Over 150 Microsoft employees signed a letter demanding their employer cancel a $480 million contract with the Pentagon, asserting that they “refuse to create technology for warfare and oppression,” Fox News reports.  The letter, addressed to Microsoft CEO Satya Nadella and President Brad Smith, stated, “We are alarmed that Microsoft is working to provide weapons technology to the U.S. military, helping one country’s government ‘increase lethality’ using tools we built. We did not sign up to develop weapons, and we demand a say in how our work is used.”  The workers demand that Microsoft stop developing all weapons technologies, set public standards around the acceptable use of such technology, and appoint an independent ethics review board that can enforce such policies.  The move comes alongside similar actions by other tech workers:  Many Google employees resigned last year over a Pentagon AI project, which Google eventually cancelled; in October, 450 Amazon employees protested against facial recognition software being sold to law enforcement.

Potential Democratic presidential candidate Sherrod Brown declared this weekend that he’ll be “the most pro-union candidate” if he decides to run in 2020, the Columbus Dispatch reports.  Senator Brown made the statement in front of Las Vegas casino workers who are members of The Culinary Union, Nevada’s most powerful labor organization.  Brown is the first potential or announced 2020 candidate to hold a 2019 event with the Culinary union, which represents about 57,000 workers in casino-hotels in Las Vegas and Reno.  Brown said he will make his decision about when to run in the next month.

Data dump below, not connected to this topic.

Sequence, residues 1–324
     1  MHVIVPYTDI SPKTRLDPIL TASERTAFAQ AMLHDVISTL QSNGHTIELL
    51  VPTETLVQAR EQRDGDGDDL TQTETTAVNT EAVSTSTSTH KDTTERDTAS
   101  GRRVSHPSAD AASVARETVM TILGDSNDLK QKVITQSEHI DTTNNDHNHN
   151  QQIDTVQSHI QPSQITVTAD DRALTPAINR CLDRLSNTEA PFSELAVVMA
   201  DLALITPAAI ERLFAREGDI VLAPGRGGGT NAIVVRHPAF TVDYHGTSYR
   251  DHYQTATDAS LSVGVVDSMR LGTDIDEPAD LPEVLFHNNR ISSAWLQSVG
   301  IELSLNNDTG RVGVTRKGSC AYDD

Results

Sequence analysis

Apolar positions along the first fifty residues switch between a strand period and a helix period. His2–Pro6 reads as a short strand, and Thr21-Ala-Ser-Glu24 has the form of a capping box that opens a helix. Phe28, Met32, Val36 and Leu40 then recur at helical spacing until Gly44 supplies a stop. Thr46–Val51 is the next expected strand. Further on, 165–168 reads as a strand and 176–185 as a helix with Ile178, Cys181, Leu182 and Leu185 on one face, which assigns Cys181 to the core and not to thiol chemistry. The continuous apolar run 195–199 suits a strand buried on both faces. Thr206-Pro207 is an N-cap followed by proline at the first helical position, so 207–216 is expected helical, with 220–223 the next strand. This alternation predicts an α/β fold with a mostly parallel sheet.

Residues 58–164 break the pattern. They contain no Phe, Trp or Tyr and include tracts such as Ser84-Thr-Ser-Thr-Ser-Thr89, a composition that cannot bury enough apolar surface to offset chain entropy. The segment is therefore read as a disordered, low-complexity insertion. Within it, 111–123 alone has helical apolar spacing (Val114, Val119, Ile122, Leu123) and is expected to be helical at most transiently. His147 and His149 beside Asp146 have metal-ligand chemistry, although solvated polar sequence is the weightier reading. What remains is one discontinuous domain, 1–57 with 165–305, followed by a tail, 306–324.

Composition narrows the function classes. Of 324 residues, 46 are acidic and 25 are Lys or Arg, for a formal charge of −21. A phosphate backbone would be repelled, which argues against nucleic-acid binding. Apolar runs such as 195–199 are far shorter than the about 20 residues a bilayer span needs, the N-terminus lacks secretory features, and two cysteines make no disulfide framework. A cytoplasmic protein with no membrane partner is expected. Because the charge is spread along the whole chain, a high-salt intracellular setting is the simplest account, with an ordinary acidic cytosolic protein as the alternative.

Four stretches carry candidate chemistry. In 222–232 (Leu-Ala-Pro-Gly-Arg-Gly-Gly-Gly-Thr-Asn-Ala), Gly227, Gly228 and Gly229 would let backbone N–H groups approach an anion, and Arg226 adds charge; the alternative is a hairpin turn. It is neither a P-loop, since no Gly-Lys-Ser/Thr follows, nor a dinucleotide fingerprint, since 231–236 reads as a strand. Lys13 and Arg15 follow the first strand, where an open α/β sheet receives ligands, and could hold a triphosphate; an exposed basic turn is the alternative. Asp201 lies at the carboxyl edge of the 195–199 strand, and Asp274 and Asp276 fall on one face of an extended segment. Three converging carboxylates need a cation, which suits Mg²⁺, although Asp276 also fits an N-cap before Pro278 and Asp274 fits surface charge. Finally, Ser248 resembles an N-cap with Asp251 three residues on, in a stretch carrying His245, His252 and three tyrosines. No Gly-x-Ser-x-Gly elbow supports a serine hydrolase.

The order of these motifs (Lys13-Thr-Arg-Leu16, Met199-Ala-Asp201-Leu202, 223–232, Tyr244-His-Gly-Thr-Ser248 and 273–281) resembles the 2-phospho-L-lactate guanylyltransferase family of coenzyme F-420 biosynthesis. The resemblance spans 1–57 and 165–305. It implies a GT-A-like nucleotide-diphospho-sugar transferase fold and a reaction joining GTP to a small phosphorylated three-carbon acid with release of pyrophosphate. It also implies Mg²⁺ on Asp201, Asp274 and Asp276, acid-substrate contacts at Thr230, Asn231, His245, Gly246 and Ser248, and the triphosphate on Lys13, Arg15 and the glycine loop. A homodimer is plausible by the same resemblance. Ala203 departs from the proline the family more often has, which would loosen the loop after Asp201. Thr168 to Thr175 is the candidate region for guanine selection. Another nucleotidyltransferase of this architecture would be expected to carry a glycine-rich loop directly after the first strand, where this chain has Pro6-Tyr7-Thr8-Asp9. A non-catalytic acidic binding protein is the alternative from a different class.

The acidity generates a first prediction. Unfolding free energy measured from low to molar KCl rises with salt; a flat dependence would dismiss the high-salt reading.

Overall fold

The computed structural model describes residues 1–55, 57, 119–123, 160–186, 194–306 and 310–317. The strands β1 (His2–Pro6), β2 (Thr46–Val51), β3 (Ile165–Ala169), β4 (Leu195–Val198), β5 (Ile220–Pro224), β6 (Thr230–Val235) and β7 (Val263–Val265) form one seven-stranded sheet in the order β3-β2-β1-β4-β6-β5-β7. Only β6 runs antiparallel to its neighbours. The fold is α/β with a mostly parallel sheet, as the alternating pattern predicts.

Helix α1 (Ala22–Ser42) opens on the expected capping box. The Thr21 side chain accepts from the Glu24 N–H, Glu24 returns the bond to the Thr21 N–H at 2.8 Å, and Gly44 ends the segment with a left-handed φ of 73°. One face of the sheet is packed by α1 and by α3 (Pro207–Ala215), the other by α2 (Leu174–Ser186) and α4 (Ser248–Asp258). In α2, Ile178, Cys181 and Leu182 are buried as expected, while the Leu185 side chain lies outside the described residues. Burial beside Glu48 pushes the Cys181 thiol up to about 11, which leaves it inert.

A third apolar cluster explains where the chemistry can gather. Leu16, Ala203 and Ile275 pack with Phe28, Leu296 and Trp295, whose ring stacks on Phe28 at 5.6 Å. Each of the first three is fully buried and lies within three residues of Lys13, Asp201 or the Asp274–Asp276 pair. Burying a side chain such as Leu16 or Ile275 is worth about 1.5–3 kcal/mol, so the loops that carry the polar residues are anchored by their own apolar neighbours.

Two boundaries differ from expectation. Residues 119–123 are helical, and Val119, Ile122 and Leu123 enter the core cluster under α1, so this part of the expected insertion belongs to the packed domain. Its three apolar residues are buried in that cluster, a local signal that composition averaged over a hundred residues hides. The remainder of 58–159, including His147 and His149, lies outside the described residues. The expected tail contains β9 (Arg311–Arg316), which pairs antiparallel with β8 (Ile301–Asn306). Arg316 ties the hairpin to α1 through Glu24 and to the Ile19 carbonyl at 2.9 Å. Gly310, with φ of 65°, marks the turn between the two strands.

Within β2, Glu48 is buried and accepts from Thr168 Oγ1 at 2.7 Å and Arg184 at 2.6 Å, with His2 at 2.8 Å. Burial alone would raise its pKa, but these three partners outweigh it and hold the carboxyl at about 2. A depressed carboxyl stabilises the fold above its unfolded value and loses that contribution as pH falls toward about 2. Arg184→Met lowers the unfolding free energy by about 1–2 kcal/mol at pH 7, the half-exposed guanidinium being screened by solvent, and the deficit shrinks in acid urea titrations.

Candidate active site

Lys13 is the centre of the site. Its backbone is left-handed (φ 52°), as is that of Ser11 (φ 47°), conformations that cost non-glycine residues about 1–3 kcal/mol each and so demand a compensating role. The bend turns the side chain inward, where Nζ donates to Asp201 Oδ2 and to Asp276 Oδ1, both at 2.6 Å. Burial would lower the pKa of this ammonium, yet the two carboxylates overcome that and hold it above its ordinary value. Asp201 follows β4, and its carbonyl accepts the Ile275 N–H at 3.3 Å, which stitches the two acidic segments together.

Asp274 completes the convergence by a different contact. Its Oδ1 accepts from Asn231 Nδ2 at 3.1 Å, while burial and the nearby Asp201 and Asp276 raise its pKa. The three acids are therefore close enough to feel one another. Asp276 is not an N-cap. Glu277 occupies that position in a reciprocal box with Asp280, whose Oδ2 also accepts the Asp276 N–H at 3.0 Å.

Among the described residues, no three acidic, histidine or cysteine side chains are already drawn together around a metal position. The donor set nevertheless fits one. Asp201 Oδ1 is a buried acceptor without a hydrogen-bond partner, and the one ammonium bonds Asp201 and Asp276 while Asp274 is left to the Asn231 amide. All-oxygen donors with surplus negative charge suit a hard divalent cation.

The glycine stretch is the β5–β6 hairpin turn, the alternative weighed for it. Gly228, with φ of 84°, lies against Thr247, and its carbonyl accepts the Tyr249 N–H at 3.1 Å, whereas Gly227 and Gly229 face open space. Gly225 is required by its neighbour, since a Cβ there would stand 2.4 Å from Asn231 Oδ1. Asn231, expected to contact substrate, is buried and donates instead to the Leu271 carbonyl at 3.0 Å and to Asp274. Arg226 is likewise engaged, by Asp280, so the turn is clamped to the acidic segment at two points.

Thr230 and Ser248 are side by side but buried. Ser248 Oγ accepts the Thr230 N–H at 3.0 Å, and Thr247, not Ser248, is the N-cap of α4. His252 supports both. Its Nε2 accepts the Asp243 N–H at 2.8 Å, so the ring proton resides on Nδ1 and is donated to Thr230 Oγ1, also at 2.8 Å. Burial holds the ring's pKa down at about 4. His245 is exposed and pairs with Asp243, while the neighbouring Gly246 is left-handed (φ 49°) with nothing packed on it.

New Bureau of Labor Statistics data shows the U.S. states with the highest and lowest rates of union membership in 2018, Forbes reports.  Hawaii had the highest union density, at 23.1 percent, followed closely by New York at 22.3 percent and Washington state at 19.8 percent.  The Carolinas had the lowest union membership at 2.7 percent each.  All told, 29 states and D.C. had union density under the national average of 10.5 percent.

The Trump administration has been demanding more evidence in applications for H-1B visas for high-skilled foreign workers, the Wall Street Journal reports.  Some 60 percent of companies that applied for visas for their foreign workers received requests for supplemental evidence in the last quarter of 2018, compared with about 28% in the final quarter of 2016.  U.S. Citizenship and Immigration Services director L. Francis Cissna has pledged stricter vetting in the immigration system and policies that he says will protect U.S. workers.